26 July 2022, 09:31 AM
  • From ready-to-drink to alcohol-free, the spirits and mixers category has been well and truly shaken this year
Spirits & mixers: what’s trending now

While a great number of sectors in the food and drink market has felt the impact of the Covid pandemic, arguably few were hit quite as hard as the spirits category. With pubs and bars being closed the hospitality industry got a kick in the shins that it’s only now recovering from, while retailers revelled in the rush of customers looking to create their favourite tipples at home. New formats such as DIY cocktail letterbox kits and monthly memberships blossomed, and some could opine that the ready-to-drink (RTD) sector got a boost too. 

Bringing the party home
A newfound thirst for knowledge from discerning customers was a boon for independents and producers of quality spirits alike. “Consumers displayed an insatiable thirst for drinks education and information during the lockdown period, emerging with an appetite for more premium spirits, exciting mixers and a willingness to mix drinks at home,” Nick Gillett, managing director of Mangrove UK observed. 

Indeed, according to Sam Jeveons, co-founder of Indonesian rum brand Nusa Cana, the pandemic has raised the bar when it comes to entertaining at home. “Consumers are taking on the knowledge they learned in lockdown, via at-home tastings, tutorials, Instagram Lives and YouTube videos, and are now sharing it with friends and family – there is a real buzz around making and sharing drinks together.” In fact, the very nature of at-home drinking has evolved over the past couple of years, he says. “At-home drinking is evolving from learning and preparing at home for the household to hosting and sharing those drinks, through to hybrid nights with drinks in the home before heading out to a venue.”

It’s not only knowledge around how to serve drinks that shoppers are thirsty for in 2022; it’s the story behind the products themselves, too. “Customers are more conscious than ever of what they are consuming. We are often asked ‘How is it made?’, ‘What’s the origin of the drink?’, ‘Are the ingredients sustainably sourced?’,” says Isabelle Hefford, founder of Drift Drinks. “Consumers want and deserve transparency.”

Global pressures impact spirits sector
Of course, there are wider-reaching forces at play when it comes to the recent reshaping of the spirits sector. “There’s no doubt that global pressures and the pandemic have drastically altered the landscape of the spirits industry in terms of supply, innovation and pricing,” says Nick. While undoubtedly presenting a challenge to producers and distributors, this could lead to a subtle benefit for indie retailers if they choose to focus on smaller-scale and local spirits producers. “We are seeing the inevitable increase in prices as the costs spiral in the supply chain,” he continues. “At the very least this will cause an evaluation of long held consumer price points but also offer a far wider range of quality products from local producers who may not incur some of the larger shipping increases, for example. “Supply disruptions mean that independent retailers may not be able to offer their customers consistent stock levels which provides an opportunity to educate consumers potentially looking to trade up.”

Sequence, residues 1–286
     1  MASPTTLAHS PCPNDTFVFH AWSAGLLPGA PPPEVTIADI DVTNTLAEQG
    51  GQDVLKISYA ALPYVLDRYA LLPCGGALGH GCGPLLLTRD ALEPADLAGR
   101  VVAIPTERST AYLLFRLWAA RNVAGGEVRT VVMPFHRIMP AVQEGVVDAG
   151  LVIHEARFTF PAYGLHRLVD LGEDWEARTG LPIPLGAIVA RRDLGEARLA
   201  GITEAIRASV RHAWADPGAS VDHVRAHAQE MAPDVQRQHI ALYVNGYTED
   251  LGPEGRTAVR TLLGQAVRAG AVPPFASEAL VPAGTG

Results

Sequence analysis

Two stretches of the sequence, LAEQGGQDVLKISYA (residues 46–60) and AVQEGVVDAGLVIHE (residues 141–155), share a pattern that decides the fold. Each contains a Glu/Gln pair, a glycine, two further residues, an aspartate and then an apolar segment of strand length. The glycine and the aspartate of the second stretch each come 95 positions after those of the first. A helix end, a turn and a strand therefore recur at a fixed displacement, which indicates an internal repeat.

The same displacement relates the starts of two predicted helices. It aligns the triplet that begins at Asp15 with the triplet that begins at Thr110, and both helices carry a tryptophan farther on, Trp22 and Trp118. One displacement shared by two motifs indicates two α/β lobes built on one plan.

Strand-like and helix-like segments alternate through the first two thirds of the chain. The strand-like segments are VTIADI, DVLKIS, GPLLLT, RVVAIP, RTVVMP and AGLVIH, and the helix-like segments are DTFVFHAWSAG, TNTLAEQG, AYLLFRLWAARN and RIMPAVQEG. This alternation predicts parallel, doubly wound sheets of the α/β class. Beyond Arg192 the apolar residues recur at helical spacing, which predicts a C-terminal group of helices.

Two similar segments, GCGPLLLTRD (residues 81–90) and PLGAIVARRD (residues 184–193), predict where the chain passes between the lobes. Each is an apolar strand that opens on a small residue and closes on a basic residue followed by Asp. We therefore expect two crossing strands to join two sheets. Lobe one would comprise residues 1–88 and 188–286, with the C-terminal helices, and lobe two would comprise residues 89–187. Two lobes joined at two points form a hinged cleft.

What to invest in now
Gin has ruled drinks cabinets across the UK for years, and while quality gin – especially those boasting interesting stories and combinations of botanicals – will always have a place in the discerning drinker’s arsenal, there are other categories now coming to the fore.

“Gin has enjoyed a meteoric rise in recent years, however, 2021 saw volume sales slip,” explains Alice Baker, senior research analyst at Mintel. “This was mainly due to the steep fall in on-trade sales in the first half of the year due to the closure of the hospitality sector. Also, as with RTDs, poor weather in spring/summer 2021 reduced drinking occasions for gin.”

“We are seeing consumers switch to alternative categories such as rum, Mezcal and tequila,” explains Nick. “Sales of all variants of tequila are through the roof, with premium and prestige tequilas leading the way, but I think the flavoured tequila market might be poised to explode.”

According to Dawn Davies, head buyer at The Whisky Exchange, “rum, Mezcal and whisky are the hot tickets at the moment,” but she advises that “any independent retailer should look at balance in their range and what their customers are looking for depending on where they are.”

Perhaps unsurprisingly, the weather plays a role in the spirits-shopping habits of consumers. “White spirits have a strong bias in their usage towards the warmer months, while 65% of category drinkers/buyers drink white spirits/RTDs more in the summer than in the winter,” explains Alice.

The rise of ready-to-drink
RTD has been a success story of the past couple of years, and as consumers are getting out and about – and taking their food and drink with them – it’s another area of the sector worth spending time exploring. 

“RTDs continued their strong growth in 2021, outperforming all other segments in terms of percentage growth with the exception of tequila/mezcal,” begins Mintel’s Alice. “The rise of the RTD sector is fast and furious,” agrees Nick, “and as one of the fastest growing alcohol categories this isn’t going to stop. The original RTD experience was one of mass production of cheap and cheerful products, but with the rapid expansion in the category there is now a polarising effect, with some pre-batch high quality cocktails being created at one end and at the other a more fun approach.”